The Sad Reality of This Society: A Reaction To Nicole Assaf’s Tragic Death

The tragic news of the death of Nicole Assaf, a fourth year Civil Engineering student at the American University of Beirut, has shaken us all badly.

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Photo from AUB’s Facebook page

I mean, of course it would. An accomplished 21 year old a few months away from graduation was found in a pool of blood in Hamra without a definite reason. Was it a murder? Was it a suicide? What exactly happened?

It’s a scene straight out of a thriller film: sad, horrifying, and makes you think, what really went on?

Speculations will fly, however. Here is an example of a conversation that happened between my fiance Ahmad and one of his coworkers. Let’s call him X.

X: Did you hear about the girl who was raped and found dead in Hamra?

Ahmad: Wait a minute, we don’t know if she was raped. All the story said was that she was found dead.

X: Of course she was raped. She was an AUB student.

Here I interjected…

Me: What? He actually said that? So he’s implying AUB students deserve to be raped? I wonder what he thinks about me then.

Ahmad: Oh sweetie, you’d definitely be way past that point (said jokingly).

I haven’t stopped thinking about what X said. Mainly because X represents a good chunk of our society that think a woman brings rape upon herself because she’s dressed in a certain way or acts in a way that doesn’t conform with specific expectations.

It’s always the woman’s fault, unfortunately. Poor her, they’ll say, should a tragedy occur, but she played a a part in this too.

We don’t even know the full story yet and already she has been accused of being raped (like it is her fault) because she is a female student at one of the most prestigious universities in the country.

Mind you, this inflammatory comment was coming from someone fairly young who interacts with people (females too) on a daily basis.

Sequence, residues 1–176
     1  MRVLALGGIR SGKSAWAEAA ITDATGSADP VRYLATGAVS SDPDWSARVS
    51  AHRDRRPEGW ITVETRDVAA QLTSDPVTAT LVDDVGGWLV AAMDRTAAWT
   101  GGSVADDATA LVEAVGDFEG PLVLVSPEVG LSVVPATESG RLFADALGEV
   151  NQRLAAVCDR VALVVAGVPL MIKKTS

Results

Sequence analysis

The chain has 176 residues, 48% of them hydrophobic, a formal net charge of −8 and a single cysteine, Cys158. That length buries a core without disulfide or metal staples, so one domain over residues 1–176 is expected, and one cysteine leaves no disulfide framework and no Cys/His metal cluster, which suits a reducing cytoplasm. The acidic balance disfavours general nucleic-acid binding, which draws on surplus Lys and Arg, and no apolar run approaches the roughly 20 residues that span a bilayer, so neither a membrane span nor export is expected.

Then again, nothing scares that chunk of people like an educated woman. A woman who is empowered and stands up and says no.

I wish people would wait until the results of the investigation come out before they start jumping to conclusions on what happened. And I also wish that people would respect Nicole’s memory and her family’s right to privacy before speculating.

Rest in peace Nicole and may God grant your family the patience to overcome this period. We can only hope the investigations will reveal what truly happened and that the right actions will take place.

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4 Comments Add yours

  1. ranu802 says:

    I also hope they’d find the cause of this horrific crime.

  2. Mark Rodgers says:

    I am sad to hear of Nicole’s death and my thoughts are with her family and friends. Your essay brings sharpley into focus the attitudes that exist in certain minds not only in your country but throughout a certain chunk of the male population in this world today.

    Today Ireland is griefing over the loss of Karen Buckley, a 24 yrs old nursing student who disappeared on a night out with friends in Glasgow, Scotland last Sunday. In this case the police have made an arrest and murder is clearly the reason for her death but nothing will bring Karen back. The murderer did try to tarnish her name with a false story of intimacy in his flat before, he claimed, she left on her own at 4.00am to walk a considerable distance home to her flat. This was before her body was found today and he changed, in police eyes, from an interested person to a murderer. Another instance of a male acting without respect to and for his female companion.

    http://www.independent.ie/irish-news/body-found-in-search-for-missing-irish-student-formally-identified-as-karen-buckley-24-31146457.html

    1. Aloosh1996 says:

      Horrible stories, very indicative of a serious problem in a significant chunk of the population of Lebanon and other countries. But that’s where I have to add: It’s not just men who think this way. There are actually some women in our society (probably fewer than men) who also agree with this notion that women bring rape upon themselves. It’s so simple for many young men and women to think this way, since many of them grow up in households where strict rules are enforced to control how they view their own bodies. They’re taught to be ashamed of their natural sexual inclinations. Basically, I think that this archaic notion has to be fought regardless of gender, as ironic as that may sound (since it’s women that are almost always the target of this ridiculous accusation that the clothes justify the rape).

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